Supplementing pump flow — An accumulator configured for storing power can supplement the hydraulic pump in delivering power to the system. The pump stores potential energy in the accumulator during idle periods of the work cycle. The accumulator transfers this reserve power back to the system when the cycle requires emergency or peak power. This enables a system to use a much smaller pump, resulting in savings in cost and power.
Maintaining pressure — Pressure changes occur in a hydraulic system when the liquid is subjected to rising or falling temperatures. There may also be pressure drop due to hydraulic fluid leakage. An accumulator compensates for such pressure changes by delivering or receiving a small amount of fluid. If the main power source should fail or be stopped, the accumulator would act as an auxiliary power source, maintaining pressure in the system.
Fluid dispensing — An accumulator may be used to dispense small volumes of fluids, such as lubricating greases and oils, on command.
When sized and precharged properly, the piston will not contact either end cap in a piston accumulator, and the bladder will not contact the poppet or be compressed enough to become folded into the top of its body.
Manufacturers recommend precharge pressure for their accumulators. In energy-storage applications, a bladder accumulator typically is precharged to 80% of minimum hydraulic system pressure and a piston accumulator to 100 psi below minimum system pressure. Precharge pressure determines how much fluid will remain in the accumulator at minimum system pressure.
Correct precharge involves accurately filling an accumulator’s gas side with a dry inert gas, such as nitrogen, while no hydraulic fluid is in the fluid side. Accumulator charging then begins when hydraulic fluid is admitted into the fluid side, and occurs only at a pressure greater than the precharge pressure. During charging, the gas is compressed to store energy.
A correct precharge pressure is the most important factor in prolonging accumulator life. The care with which precharging must be accomplished and maintained should be considered when choosing the type of accumulator for an application. If the user is careless about gas pressure and relief valve settings, or adjusts system pressures without making corresponding adjustments to precharge pressure, service life may be shortened, even if the correct type of accumulator was selected. If the wrong accumulator was selected, premature failure is almost certain.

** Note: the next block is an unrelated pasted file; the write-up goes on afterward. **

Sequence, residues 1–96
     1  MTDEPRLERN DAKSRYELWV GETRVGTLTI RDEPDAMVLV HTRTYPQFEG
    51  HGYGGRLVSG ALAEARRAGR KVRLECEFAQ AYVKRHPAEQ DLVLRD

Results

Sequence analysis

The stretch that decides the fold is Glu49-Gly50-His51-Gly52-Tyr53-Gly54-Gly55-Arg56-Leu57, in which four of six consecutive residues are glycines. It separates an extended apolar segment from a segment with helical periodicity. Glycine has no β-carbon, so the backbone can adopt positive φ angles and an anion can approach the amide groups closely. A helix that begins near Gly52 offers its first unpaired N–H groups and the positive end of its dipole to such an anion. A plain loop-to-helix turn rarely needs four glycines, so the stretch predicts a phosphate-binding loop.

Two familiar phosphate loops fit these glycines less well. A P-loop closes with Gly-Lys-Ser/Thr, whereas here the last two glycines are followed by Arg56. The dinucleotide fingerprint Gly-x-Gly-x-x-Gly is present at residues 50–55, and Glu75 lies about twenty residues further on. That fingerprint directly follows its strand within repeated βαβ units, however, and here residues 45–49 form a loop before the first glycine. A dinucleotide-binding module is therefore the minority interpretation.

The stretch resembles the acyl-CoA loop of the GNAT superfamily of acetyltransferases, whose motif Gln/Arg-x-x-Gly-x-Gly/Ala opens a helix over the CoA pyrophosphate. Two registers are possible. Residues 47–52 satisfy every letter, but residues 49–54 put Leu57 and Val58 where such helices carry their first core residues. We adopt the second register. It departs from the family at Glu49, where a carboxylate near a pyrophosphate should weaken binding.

The optimum mounting position for any accumulator is vertical with the hydraulic port down. Piston models can be horizontal if the fluid is kept clean. When solid contaminants are present or expected in significant amounts, horizontal mounting can result in uneven or accelerated seal wear. Maximum service life can be achieved in the horizontal position with multiple piston seals to balance the piston’s parallel surface.
A bladder accumulator also can be mounted horizontally, Figure 2, but uneven wear on the bladder as it rubs against the shell while floating on the fluid can shorten life. The amount of damage depends on fluid cleanliness, cycle rate, and compression ratio (defined as maximum-system-pressure/ minimum-system-pressure). In extreme cases, fluid can be trapped away from the hydraulic end, which reduces output or may elongate the bladder to force the poppet closed prematurely.
Sizes and outputs